Since I rarely follow directions anyway, I chose to read Jhumpa Lahiri’s Unaccustomed Earth, a collection of fictional short stories presumably written in Brooklyn about Bengalis and their experiences mainly living outside of India.
You might choose to read this one on the Kindle, since the cover art with red foil serif lettering and gold jewelry awash in the swirling tide (you learn later the gold jewelry represents a significant bangle bracelet) promises a highbrow romance—until you spot the other gold circle on the cover, labeling the work as “a New York Times Book Review Best Book of the Year.”
The tension between an author celebrated in English-speaking circles, keenly aware of the American literary appetite and an appointed cultural interpreter of Bengali-American lives ripples throughout, pointing up the universality of alcoholism as a family secret, the well-intentioned phone calls with old news about family friends, while staking a curious feminism in the triad centerpiece series that anchors the whole, culminating in protagonist Hema’s indulgent Eat Pray Love-type affair with luscious Italian pasta and childhood crush Kaushik before her steely resolve carries her onto a plane to India and an arranged marriage that will allow her to continue her professorial work studying Etruscans, the culture that bequeathed a lifestyle the Romans perfected into carpe diem. The narrative uses “I” in these three stories as a device to alienate the reader, suggesting the intrusion omniscient narration always carries, and causing discomfort when the “I” becomes particularly intimate, when the Reader knows she/he is not the lover to whom the confessional narration is addressed.
Instances of aborted delivery of media abound and become the true link between the stories–from the wedding placed at the exclusive private boarding school that tucks public phones nicely away from campus visitors to scanning disaster photo credits to ascertain proof of life to an unmailed postcard taken by a child and planted in a garden freshly dug.
The collection opens with a Hawthorne epigraph;
Human nature will not flourish, any more than a potato, if it be planted and replanted, for too long a series of generations, in the same worn-out soil. My children have had other birthplaces, and, so far as their fortunes may be within my control, shall strike their roots into unaccustomed earth.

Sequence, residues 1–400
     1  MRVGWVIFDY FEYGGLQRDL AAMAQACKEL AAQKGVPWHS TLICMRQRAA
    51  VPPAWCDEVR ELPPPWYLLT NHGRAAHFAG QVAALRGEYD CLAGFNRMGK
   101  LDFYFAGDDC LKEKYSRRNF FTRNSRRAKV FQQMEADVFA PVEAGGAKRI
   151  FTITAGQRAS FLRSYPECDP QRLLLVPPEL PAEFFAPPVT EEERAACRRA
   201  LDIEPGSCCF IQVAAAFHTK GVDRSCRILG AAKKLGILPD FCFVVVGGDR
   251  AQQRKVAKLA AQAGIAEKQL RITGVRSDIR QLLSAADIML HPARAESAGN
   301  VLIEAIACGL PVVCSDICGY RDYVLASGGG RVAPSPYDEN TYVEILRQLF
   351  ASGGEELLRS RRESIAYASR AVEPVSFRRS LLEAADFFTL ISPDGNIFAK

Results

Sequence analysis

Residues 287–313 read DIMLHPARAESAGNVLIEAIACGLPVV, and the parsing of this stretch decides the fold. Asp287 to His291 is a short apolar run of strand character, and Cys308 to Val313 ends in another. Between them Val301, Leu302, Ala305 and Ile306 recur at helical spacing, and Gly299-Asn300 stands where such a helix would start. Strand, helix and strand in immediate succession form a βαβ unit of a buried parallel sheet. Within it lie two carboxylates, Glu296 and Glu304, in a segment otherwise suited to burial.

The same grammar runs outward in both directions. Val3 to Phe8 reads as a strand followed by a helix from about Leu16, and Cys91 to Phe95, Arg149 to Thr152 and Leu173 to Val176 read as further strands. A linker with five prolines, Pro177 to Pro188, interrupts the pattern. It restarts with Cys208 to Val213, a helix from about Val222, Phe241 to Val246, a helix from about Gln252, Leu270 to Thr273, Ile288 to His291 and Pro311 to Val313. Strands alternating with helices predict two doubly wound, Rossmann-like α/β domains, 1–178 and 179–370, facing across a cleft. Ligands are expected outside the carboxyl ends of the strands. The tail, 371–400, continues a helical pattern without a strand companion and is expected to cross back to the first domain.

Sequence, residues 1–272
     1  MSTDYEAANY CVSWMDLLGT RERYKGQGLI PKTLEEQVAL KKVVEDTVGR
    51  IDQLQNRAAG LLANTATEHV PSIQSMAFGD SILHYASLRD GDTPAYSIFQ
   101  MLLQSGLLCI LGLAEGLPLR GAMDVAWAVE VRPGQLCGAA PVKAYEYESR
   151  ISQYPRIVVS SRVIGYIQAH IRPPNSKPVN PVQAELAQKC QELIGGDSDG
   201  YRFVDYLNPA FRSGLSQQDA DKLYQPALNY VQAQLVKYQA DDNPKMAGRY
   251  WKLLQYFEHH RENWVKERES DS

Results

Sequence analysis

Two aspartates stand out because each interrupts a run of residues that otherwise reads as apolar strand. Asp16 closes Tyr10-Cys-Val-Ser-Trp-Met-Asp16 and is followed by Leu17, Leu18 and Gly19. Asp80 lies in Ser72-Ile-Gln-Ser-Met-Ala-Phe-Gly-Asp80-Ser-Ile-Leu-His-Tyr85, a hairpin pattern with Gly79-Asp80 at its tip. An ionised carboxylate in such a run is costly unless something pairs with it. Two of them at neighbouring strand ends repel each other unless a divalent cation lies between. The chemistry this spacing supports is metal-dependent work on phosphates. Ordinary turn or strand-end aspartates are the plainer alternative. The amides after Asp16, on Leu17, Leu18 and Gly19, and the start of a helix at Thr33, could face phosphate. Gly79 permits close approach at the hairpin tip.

And so it is a trifle heavy-handed in the opening story for a child to be planting a letter–in dirt that’s just been turned–written by one generation but not delivered, handled by the generation he begat, and implanted by the youngest generation just taught Bengali words.
Like Hawthorne’s work, Lahiri’s pieces rely on the everyday nightmarish excesses of the American Gothic, on tales told twice (which is to say: beautifully narrated, deeply felt, and tediously redundant) with fastidious framing that works as a device to take us far from what could be a deeper understanding of a group of people she seems to usher into and through a Custom House (the introductory setting for Hawthorne’s famous Scarlet Letter and another reason for the title) that works as a sieve, leaving dry characters straining against cosmopolitanism while Lahiri’s lilting prose laps over the pages—though, as a caveat, I’m spoiled by Global Voices, a model with local bloggers attending to issues in their national purview that works quite well.
If there’s any golden ring to reach for in this overwhelming stream of content, truly local narratives that stand alone and are placed in context alongside narratives from and about other (sometimes nearby, something distant) localities seems to me a bright, shiny one—
More reviews in the kthread reads section.
Leave a Reply
Posted by Kristen Taylor on Friday, May 22nd, 2009, 6:30 am * Filed in Books. * Tags: #gvbook09, book, earth, jhumpa, kristen, kthread, lahiri, reads, short, story, taylor, unaccustomed. Follow responses through the RSS 2.0 feed. Leave a response, or trackback from your own site.